Recent bakes

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Over the weekend, I had the privilege of baking two cakes for a friend whose son turns two. Edible images are called for and buttercream is preferred. I enjoyed making the cakes because they are definitely not as demanding as the fondant ones and I can practise my piping skills!

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Then I had leftover chocolate ganache from recent bakes and decided to use them for chocolate tartlets. I always have pate sucree shells in the freezer and they come to good use this time round. Awesome tartlets I tell you because it’s good chocolate we are using here!

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I can’t help but post Faith’s picture here. The mama finds her real cute here!

Bicycle on my cake

I used to cycle, and quite frequent at one stage. I love the wind that caresses your face as you cruise but dislike the climbing of hills. But it’s all good and I met a whole group of awesome cyclists.

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While training for an event, I met a wonderful lady through a swim class and a few days ago, she asked me if I could bake a cake for her boyfriend who is an avid and really superb cyclist. It is my pleasure of course. Little did I realise that it is rather difficult to make the bicycle figurine since it can be so delicate.

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I got inspired from this blog but I must say I could not use the same technique as hers. For the bike frame, I covered a toothpick with fondant + tylose as I really need the frame to be sturdy. As for the wheels, I used circle cutters and spaghetti for the spokes before painting the spokes with metallic food paint. The different parts of the bike had to be done in stages and in the end, pieced them all up with glue (edible one, of course) and pray very hard that it will stay in one piece.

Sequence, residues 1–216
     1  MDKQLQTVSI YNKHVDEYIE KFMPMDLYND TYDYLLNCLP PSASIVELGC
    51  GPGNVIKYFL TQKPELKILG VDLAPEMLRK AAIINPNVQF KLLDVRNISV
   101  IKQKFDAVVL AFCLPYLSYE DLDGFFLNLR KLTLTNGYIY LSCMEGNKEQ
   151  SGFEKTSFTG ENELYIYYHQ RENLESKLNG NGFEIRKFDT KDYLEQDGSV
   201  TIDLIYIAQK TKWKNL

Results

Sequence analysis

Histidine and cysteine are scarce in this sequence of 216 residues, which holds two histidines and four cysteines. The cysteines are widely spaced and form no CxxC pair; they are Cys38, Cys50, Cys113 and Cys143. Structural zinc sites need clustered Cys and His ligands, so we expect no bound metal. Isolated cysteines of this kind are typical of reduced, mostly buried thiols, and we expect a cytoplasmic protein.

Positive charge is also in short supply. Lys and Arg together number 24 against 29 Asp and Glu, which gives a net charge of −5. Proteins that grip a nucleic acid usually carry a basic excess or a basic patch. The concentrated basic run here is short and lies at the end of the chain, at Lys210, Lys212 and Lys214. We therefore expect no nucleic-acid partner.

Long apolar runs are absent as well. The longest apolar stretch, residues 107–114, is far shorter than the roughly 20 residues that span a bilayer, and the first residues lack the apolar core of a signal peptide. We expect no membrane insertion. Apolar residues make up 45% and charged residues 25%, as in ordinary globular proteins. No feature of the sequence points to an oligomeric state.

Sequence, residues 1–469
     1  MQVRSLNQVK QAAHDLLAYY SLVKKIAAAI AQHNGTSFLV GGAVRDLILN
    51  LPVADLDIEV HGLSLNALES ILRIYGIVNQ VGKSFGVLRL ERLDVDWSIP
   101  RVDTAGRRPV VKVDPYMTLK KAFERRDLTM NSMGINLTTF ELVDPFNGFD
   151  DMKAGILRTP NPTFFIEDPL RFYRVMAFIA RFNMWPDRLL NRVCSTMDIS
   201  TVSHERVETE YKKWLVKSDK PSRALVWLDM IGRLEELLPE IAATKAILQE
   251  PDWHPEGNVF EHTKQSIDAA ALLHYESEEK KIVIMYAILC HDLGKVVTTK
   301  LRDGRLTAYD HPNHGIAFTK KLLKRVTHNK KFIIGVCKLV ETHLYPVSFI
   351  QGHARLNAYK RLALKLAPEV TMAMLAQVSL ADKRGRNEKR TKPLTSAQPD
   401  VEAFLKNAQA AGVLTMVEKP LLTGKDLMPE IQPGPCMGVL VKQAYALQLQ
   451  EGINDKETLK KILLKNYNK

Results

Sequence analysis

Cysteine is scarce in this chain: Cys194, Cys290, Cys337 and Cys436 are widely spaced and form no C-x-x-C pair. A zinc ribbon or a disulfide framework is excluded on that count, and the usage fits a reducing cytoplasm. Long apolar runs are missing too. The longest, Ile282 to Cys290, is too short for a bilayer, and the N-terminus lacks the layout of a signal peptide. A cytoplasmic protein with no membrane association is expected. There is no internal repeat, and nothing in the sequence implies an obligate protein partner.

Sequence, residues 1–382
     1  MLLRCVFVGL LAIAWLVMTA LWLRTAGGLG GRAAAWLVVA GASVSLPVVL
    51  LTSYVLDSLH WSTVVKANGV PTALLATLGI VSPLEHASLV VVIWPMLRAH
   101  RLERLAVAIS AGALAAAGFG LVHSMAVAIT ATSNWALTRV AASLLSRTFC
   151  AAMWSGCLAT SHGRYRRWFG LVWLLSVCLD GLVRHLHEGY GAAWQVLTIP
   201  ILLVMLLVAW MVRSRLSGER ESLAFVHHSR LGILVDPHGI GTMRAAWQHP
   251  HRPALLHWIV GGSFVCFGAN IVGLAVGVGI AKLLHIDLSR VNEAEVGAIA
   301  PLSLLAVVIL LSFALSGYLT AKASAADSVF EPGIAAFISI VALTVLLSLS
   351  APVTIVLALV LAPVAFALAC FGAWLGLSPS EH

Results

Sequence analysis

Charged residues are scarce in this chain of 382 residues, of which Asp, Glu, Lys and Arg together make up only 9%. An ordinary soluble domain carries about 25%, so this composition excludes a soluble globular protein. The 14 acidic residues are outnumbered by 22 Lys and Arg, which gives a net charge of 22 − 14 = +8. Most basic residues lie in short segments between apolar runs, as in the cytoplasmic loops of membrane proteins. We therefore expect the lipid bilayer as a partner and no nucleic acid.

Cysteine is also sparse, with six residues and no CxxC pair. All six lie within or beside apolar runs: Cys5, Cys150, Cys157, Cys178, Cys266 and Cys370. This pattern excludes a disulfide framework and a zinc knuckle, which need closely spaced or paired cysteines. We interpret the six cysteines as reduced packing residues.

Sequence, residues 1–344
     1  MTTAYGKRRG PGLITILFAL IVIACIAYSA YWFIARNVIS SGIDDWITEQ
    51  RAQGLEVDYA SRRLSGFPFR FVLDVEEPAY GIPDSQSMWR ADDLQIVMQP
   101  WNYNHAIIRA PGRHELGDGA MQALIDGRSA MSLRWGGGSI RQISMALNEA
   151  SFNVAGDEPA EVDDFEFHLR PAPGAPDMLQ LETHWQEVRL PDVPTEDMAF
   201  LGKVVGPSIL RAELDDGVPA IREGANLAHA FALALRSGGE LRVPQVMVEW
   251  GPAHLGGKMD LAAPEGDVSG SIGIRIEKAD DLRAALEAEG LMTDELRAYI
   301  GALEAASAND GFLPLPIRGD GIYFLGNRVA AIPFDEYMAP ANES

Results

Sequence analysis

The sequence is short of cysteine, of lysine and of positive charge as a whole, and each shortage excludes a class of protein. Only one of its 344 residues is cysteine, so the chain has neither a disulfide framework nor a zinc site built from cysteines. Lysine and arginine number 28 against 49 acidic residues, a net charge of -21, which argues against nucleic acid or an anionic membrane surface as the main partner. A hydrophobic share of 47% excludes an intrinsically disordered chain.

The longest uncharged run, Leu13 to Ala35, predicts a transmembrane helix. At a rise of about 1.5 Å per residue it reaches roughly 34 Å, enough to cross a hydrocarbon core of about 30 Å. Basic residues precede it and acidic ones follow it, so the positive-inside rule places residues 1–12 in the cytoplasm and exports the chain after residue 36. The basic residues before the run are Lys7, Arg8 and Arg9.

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Thankfully, the weather was good to make figurine. It was relatively non-humid and the parts could dry by the following day. I had great fun with this but know that there is really much much room for improvement. M asked for a chocolate cake with caramel and walnut and she gets her cake done this way!

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M’s boyfriend likes the bike so much that he asked how to preserve it. I think anything that the girlfriend gives will make him super happy. Moreover this is a bike, modeled very closely to his (can’t do the fine details though). Thankfully, there was also good feedback for the chocolate cake. I’m happy!

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Sibling <3 and a Chocolate Tartlet Recipe

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It’s amazing how kids can gel a family together.

Growing up, my siblings and I weren’t very close. Each of us is very different in character and we valued the space that we gave to one another. That also translates to little communication among us. However, that changed when we have kids.